Trust Council motion aims to limit scale of aquaculture
Gulf Islands Driftwood, Tuesday, June 17, 2003
By Gail Sjuberg
Salt Spring's Local Trust Committee (LTC) continued to absorb
heat for its handling of the Walker's Hook sablefin hatchery
subdivision application, while Islands Trust Council took
another step toward trying to control future expansion of
the aquaculture industry in the Trust area.
At its quarterly meeting on North Pender Island June 11-13, trustees passed a recommendation that Trust staff seek agreements with the Ministry of Agriculture, Fisheries and Foods (MAFF), and the Agricultural Land Commission (ALC) to develop farm regulations addressing the scale and intensity of both conventional agriculture and on-land aquaculture "in a manner consistent with the provincial object of the Islands Trust and with the scale and character of small islands."
Fear that Bill 48 (2003), the Agriculture, Food and Fisheries
Statutes Amendment Act, could even override the current Trust
area prohibition on finfish farms in marine waters also spilled
over at the meeting. Bill 48 received first reading May 12.
If passed, it would allow the province to designate Crown
land as a "farming area" and limit local governments' authority
in relation to agriculture or aquaculture practices in those
Linda Adams, the director of Trust area services, told council
that "a little window" of control could be opened through
adoption of "farm bylaws that MAFF has approved."
The Bill 48 discussion emerged after a Woodward & Company
letter and supporting correspondence was dropped by articling
student Jeanie Lanine during the town hall session the day
before. In a June 10 letter to the Trust, lawyer Jack Woodward,
working on behalf of Citizens for Responsible Land Use, insists
the Salt Spring LTC could have prohibited Sablefin Hatcheries
Ltd. and Walker's Hook property owner Henry Caldwell from
entering into a 20-year lease agreement (considered a subdivision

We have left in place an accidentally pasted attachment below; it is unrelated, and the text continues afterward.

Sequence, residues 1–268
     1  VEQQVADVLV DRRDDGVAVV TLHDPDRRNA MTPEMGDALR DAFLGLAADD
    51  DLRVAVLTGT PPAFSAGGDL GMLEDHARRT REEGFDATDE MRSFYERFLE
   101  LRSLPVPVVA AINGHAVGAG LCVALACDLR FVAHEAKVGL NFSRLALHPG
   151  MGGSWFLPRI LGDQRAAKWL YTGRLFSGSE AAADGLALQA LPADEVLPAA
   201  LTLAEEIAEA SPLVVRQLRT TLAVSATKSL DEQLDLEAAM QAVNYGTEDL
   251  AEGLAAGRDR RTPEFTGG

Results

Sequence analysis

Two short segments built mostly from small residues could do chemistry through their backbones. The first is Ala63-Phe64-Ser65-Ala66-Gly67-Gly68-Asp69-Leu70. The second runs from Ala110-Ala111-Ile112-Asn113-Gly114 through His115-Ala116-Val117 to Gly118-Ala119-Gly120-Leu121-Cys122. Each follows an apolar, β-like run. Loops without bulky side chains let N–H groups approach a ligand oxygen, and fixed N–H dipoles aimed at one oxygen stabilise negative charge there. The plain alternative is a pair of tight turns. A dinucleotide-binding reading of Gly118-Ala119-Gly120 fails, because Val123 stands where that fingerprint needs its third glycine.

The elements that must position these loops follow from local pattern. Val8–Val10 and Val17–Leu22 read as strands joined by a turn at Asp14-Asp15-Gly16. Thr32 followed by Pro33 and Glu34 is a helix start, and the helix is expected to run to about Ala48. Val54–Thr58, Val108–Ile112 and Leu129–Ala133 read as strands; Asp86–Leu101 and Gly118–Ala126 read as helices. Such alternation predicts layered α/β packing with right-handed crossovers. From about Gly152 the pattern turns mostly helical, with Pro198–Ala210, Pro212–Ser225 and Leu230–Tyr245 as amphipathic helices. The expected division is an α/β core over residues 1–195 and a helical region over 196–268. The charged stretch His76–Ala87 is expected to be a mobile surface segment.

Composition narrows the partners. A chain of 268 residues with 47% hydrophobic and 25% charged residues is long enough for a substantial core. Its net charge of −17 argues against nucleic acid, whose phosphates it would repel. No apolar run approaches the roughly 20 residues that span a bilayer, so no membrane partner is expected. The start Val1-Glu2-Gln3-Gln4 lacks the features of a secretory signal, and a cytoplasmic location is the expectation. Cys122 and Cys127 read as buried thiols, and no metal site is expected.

in this case) - limiting it to renewable three-year leases
as a result.
"Despite assurances from individual trustees (Kimberly Lineger and Eric Booth) that the Trust has not approved this subdivision application, facts speak louder than words. The voters on Salt Spring Island will be distressed to learn that their trustees are refusing to protect and preserve Walker's Hook by exercising their jurisdiction to stop this subdivision application from proceeding."
At a February 22 meeting, the LTC responded to the ALC's request for local government permission by listing its major concerns with the proposal and conditions it demanded before the subdivision was allowed. The committee did not explicitly state either approval or refusal of the 20-year lease/subdivision application.
Lineger described the February 22 decision as "one of those
damned if you do and damned if you don't situations." If the
LTC refused to approve the subdivision, the project would
have proceeded on a three-year renewal lease basis, she said,
but no tombolo-area protection would have been guaranteed.
"Our concern was that the conditions we allowed for the protection
of the tombolo wouldn't get picked up anywhere, and the only
way we could do that was if we forwarded our comments, so
while we didn't outright refuse it and didn't outright support
it, we forwarded our comments."
The real problem, she noted, is that Salt Spring's land
use bylaw does not prohibit on-land aquaculture. "Any decision
we made [regarding the lease or subdivision], we couldn't
have won anyway." But Lineger is especially leery of the province's
proposed Bill 48, which is due to return for further readings
in the fall legislative session. "It looks like they've had
enough with local communities trying to stop aquaculture in
their communities," said Lineger, "so they're making it harder
for us to try to control aquaculture."
About 35 people attended the one-hour town hall session where community members discussed issues informally with council. That was followed by eight registered delegations, for a total of three hours of Trust-public interaction.
The main topic on people's minds was vacation rentals - with eight individuals speaking in favour of the practice and one against. North Pender's land use bylaw does not prohibit short-term accommodation rentals and South Pender's recently adopted official community plan directs that applicable land-use regulations should be made with the aim of "[minimizing] adverse effects on adjacent lots and the community in general."
Some Pender residents have been trying to curtail vacation
rental accommodation. North Pender trustee Wayne Wright said
the issue was not on his LTC's work program. "We don't intend
to bring it back unless we're forced by the community," he